Most PCMCIA card adapters WON'T work with P2... it must be Cardbus, and should hopefully say P2 compatible... and you don't say if the Adobe systems are mac or PC, but Mac compatibility is an issue. The camera can act as a 2-slot USB P2 reader; or, you can buy an old laptop that has cardbus and network it for ingest. I personally use a Thinkpad T42 with a dock; that setup acts as a 4-slot P2 reader that sits on the network, and the whole thing cost less than $250 on ebay a year or two ago.
For SD cards, a cheap USB reader will do... the cards are generally the bottleneck, not the reader.
12-02-2011, 04:39 PM
Looks like the only machine I have that will work is a 2008 macro , running final cut studio 3 and cs4 master collection in Mac OS, and then dual booting to windows vista 64 to run cs5 production premium.
The old laptop for a p2 card reader is a good idea to save a lot of money over multi card panasonic readers.
Would it be fast enough to edit footage straight from the notebook(acting as a reader) connected to the NLE?
Is Transcoding or premiere analyzing footage a very long ordeal if you are say working with a 3 camera shoot of a 1 hour long recording/file?
05-03-2012, 06:14 PM
I run Sony Vegas Pro on an ASUS laptop that has 8 GB of RAM and 4 x i7 processors.
Time to offload from SD (direct USB) from camera to laptop is minimal compared to rendering time for a 3 minute video (about 15 mins to make an MP4) which in turn is nothing compared to 2 hours to upload the MP4 to YouTube.
06-27-2012, 12:46 AM
While CS4 will allow you to edit AVCHD natively, the CS5 version has the "Mercury Playback Engine" that can speed up processing considerably. So I would use that system. BTW if you are running 64 bit Vista, you probably would be better served upgtading that to Windows 7 Professional. While it still has a few issues, its a whole lot more stable than Vista.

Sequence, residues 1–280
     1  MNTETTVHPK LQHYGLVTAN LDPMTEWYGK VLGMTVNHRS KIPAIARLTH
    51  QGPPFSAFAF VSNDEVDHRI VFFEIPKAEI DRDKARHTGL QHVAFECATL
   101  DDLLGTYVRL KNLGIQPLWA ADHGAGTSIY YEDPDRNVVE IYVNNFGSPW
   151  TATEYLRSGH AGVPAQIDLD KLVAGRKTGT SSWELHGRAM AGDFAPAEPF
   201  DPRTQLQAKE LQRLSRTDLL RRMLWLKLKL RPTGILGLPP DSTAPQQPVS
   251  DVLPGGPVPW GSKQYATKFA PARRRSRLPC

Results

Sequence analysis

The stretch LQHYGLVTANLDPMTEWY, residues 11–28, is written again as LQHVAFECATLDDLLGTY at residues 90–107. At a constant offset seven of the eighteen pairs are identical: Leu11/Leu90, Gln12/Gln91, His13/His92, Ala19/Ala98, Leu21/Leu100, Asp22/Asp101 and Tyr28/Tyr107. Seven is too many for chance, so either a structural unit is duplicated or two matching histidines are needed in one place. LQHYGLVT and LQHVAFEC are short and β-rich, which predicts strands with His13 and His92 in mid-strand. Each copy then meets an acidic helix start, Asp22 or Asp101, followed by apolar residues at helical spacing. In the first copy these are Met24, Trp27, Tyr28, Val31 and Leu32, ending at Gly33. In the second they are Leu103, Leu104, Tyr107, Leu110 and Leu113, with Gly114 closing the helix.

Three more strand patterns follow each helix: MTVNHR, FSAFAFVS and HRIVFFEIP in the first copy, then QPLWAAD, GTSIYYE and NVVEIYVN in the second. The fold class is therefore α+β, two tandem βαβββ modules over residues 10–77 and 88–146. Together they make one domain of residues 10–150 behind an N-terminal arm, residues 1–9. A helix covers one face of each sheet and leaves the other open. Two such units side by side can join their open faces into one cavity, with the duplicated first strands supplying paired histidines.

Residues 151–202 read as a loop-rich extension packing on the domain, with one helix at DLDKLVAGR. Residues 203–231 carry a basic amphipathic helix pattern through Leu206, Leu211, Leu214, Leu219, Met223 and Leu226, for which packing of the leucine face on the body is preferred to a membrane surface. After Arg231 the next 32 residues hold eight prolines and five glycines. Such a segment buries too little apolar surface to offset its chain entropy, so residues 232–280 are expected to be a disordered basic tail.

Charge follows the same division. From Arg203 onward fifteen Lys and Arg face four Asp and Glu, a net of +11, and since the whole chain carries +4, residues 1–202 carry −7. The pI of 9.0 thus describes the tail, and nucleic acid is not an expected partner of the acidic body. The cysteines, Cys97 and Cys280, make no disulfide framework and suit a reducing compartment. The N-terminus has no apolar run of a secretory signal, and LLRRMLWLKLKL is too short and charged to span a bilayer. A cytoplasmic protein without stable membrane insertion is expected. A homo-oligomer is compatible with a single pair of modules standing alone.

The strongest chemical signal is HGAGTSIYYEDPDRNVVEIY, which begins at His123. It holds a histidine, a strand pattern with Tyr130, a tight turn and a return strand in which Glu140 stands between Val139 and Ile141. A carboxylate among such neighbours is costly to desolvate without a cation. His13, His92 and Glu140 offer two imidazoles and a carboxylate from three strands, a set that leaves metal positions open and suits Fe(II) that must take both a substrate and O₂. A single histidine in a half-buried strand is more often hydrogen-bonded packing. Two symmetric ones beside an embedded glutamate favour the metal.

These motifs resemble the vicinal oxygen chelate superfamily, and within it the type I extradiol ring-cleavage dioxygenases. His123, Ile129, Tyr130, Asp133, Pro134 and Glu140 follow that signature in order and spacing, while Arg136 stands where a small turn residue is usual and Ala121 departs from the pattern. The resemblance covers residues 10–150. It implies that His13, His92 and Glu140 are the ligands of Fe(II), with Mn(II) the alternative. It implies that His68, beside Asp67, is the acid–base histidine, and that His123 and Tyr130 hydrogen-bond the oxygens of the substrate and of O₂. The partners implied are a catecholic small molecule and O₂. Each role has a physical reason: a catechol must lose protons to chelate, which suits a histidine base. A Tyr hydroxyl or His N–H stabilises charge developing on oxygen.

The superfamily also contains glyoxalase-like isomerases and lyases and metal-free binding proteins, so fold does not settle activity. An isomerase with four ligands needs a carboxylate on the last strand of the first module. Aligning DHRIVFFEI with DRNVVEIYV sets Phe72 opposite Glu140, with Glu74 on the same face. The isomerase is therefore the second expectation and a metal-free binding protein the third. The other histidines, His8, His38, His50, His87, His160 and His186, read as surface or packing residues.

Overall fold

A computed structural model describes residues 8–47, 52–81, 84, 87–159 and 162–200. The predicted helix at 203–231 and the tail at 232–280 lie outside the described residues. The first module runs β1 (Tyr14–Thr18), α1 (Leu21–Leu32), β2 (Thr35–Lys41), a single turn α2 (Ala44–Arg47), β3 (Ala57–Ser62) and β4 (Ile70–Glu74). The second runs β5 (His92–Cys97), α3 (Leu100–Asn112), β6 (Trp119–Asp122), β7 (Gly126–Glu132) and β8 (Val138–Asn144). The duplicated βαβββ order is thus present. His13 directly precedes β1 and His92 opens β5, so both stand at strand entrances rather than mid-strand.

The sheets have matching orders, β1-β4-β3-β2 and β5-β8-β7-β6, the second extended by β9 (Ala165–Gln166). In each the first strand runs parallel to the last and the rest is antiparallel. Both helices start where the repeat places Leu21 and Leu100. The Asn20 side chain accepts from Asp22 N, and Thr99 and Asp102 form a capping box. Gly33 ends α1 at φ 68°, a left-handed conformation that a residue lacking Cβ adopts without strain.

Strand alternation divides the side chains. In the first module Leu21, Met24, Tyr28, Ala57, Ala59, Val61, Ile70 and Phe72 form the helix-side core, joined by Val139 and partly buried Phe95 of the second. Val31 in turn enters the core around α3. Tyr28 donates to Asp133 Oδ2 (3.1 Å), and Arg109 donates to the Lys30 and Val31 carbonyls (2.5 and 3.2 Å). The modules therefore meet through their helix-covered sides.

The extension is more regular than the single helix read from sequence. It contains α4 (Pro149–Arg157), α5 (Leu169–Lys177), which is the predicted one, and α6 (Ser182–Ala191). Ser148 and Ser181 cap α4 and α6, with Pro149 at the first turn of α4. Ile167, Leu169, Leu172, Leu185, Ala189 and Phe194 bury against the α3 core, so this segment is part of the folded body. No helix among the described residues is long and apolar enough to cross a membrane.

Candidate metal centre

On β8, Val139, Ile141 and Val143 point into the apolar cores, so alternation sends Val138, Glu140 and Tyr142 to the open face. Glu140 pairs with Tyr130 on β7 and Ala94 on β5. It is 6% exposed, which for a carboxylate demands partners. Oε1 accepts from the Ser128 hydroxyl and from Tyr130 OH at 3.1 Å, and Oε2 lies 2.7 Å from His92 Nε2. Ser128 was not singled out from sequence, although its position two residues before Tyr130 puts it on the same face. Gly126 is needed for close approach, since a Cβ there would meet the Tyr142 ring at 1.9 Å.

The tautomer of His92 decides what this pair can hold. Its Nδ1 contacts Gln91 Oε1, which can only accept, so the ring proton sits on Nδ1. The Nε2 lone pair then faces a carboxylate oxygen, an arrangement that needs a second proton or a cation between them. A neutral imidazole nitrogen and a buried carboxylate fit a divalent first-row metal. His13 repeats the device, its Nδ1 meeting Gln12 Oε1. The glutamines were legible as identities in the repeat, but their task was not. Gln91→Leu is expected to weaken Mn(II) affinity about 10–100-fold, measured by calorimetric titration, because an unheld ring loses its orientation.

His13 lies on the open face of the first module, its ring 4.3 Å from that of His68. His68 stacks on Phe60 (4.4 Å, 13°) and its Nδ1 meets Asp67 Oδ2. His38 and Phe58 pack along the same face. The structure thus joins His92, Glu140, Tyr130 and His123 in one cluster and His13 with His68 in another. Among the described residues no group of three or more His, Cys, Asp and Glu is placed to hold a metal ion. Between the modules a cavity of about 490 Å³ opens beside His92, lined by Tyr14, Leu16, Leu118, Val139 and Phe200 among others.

09-08-2012, 08:10 PM
I ran a test today delivering SD card content to a Mac User.
Whereas the entire SD card file structure has to be on distribution media, you can split up your mts files across several DVDs PROVIDED you put the SD card file structure on each DVD along with however many mts files you want on each DVD (i.e. under sub-directory STREAM).
So, a copy of the SD card file structure comprising 000.mts, 001.mts and 002.mts under sub-directory Stream can go onto 1 DVD o,r if size is a problem, you could at the extreme make 3 DVDs with 000.mts only under Stream on the 1st DVD, 001.mts only under Stream on the 2nd DVD etc.
In other words the import to Mac routine that needs the entire SD card file structure does not hiccup when mts files are missing. I suspect the structure has a record of where each mts starts but it looks like the import routine just skips over missing mts files.
I did not try renaming any of the mts files - unless you hear it is OK to rename mts files, assume it is NOT OK.
It's always best to front-end all clips with a few clapperboard frames but many times this is difficult.
In any case, at the receiving end, never respond YES to Overwrite?, always create a new directory wtih name "yyyymmdd____" and copy to the empty directory.
Note that the new wi-fi upgrade (see another thread on this) only uploads mts files so NLEs that rely on the entire SD file structure are likely to have issues importing uploaded material.